Investors are moving beyond the black-and-white ESG indicators to understand how companies are driving purpose and culture within their organizations as a driver for operational direction and excellence. They are increasingly acknowledging that many firms fail to successfully implement their sustainability strategies, not because they lack the desire, the willingness or even the belief in the impact of sustainability on their businesses, but because they fail to identify proper objectives for their efforts. Setting a clear and meaningful purpose can help an organization to coalesce various efforts and goodwill and gives a shared sense of direction.
The Bob’s Burger’s workshop (refer to the download above) can help you in the process of getting to a purpose. It helps teams to start the change towards sustainability-based purpose by disconnecting them from their day-to-day business. Starting from the business model of McDonald’s, teams are challenged to come up with a new burger shop concept that inspires them to think differently about the why, the what and the how of their own company.
The investor’s interest in the topic is clearly demonstrated by the world’s largest asset manager BlackRock, whose chairman Larry Fink has for several years already has been a vocal advocate for purpose. In his now infamous 2018 annual letter to CEOs, Fink very clearly proclaimed that companies must serve a social purpose and that without a sense of purpose, no company can achieve its full potential.
In the 2019 edition of his CEO letter, appropriately entitled ‘Purpose & Profit’, Fink goes on to emphasize this message by stating that companies that truly understand and express their purpose, function with the focus and strategic discipline that drive long-term profitability. He ends by explaining that his firm actively seeks to understand how a company’s purpose informs its strategy and culture to underpin sustainable financial performance.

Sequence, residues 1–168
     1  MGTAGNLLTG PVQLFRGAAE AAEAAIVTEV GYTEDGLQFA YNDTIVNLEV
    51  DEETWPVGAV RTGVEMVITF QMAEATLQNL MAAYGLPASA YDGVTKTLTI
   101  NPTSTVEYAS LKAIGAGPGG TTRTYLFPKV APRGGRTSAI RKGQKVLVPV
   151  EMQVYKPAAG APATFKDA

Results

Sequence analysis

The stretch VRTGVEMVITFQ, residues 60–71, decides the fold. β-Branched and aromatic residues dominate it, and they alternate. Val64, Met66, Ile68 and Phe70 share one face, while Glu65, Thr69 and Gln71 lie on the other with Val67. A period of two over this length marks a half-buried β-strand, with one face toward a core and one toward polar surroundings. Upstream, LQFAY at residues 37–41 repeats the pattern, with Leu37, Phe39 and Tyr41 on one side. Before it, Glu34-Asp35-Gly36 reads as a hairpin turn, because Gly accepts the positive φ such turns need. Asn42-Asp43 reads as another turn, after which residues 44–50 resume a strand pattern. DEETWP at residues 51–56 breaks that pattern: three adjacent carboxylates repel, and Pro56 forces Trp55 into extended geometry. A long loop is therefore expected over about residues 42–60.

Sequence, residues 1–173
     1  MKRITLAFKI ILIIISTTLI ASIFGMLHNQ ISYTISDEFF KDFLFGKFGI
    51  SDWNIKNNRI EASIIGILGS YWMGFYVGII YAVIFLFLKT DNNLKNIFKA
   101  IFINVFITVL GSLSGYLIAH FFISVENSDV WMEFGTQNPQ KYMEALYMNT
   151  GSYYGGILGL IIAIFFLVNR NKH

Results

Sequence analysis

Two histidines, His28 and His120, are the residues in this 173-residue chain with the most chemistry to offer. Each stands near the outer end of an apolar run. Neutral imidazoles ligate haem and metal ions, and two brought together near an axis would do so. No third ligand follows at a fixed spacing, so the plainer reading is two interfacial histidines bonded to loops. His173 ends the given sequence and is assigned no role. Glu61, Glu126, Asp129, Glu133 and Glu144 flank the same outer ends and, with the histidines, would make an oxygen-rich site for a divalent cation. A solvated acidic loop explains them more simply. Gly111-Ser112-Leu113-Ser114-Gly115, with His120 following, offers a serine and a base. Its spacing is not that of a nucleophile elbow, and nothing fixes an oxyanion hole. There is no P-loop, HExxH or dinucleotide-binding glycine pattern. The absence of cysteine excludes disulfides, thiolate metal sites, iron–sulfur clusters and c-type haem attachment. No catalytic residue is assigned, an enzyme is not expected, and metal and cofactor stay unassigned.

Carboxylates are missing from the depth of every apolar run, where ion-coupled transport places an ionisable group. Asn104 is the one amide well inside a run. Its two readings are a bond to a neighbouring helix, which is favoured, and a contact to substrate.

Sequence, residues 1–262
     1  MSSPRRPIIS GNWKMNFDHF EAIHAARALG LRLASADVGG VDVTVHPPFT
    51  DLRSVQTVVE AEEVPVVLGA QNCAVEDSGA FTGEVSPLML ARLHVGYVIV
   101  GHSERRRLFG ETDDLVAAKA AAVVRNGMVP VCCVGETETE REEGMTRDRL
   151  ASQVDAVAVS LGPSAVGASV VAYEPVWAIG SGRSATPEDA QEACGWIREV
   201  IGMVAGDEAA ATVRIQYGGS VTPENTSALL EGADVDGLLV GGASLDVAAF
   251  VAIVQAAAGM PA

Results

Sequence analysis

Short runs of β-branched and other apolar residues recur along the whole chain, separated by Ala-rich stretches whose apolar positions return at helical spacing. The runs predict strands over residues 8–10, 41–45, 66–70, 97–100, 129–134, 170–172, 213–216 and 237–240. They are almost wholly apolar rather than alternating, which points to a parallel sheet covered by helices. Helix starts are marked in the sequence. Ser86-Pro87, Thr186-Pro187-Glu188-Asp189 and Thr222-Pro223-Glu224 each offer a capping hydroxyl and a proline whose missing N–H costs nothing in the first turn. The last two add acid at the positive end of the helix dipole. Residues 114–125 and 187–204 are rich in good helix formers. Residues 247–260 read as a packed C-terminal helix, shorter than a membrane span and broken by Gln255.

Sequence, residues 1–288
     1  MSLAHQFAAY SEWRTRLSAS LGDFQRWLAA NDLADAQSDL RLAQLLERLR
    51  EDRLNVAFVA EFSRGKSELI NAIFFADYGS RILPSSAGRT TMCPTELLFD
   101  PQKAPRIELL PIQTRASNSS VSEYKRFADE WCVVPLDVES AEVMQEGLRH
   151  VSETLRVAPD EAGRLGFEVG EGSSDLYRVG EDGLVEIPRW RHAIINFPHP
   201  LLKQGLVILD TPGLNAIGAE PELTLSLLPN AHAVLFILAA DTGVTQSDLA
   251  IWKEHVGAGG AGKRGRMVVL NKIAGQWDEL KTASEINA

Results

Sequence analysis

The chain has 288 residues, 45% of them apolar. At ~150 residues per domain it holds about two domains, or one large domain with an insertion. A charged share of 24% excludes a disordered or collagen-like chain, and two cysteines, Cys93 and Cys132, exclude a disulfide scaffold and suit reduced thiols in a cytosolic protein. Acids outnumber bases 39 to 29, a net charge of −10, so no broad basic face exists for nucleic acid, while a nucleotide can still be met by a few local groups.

In order to do this, BlackRock’s Investment Stewardship team has outlined its approach to engagement on long-term strategy, purpose, and culture. The document underlines the necessity of compatibility between strategy and company culture. More concretely, the asset manager explains its engagement process on the topic. Acknowledging the nuance of strategy, purpose, and culture, BlackRock prefers to discuss these topics in person with the company’s management. Specific aspects in the conversation might be how the compatibility of the company’s culture, purpose, and strategy is being assessed, how employees are involved in shaping them, and how the executive management deals with balancing long-term focus and short-term pressures.
That being said, it is advised that companies do talk about their strategy, purpose, and culture in communication vehicles such as the chairman’s letter to shareholders, annual reports, at company’s investor days, and even through public filings such as 10-Ks or proxy statements. Finally, the firm underlines once more that strategy, purpose, and culture are important value drivers and shareholders need to understand them to assess a company’s performance and opportunities.
If your company is working on shaping and articulating its purpose, the Bob’s Burgers workshop tools are available as a free download. If you are looking for specific guidance or support in the area of company purpose, please Jan van der Kaaij, Managing Partner, at email@example.com or +34 6 82 04 83 01 to learn how Finch & Beak could help.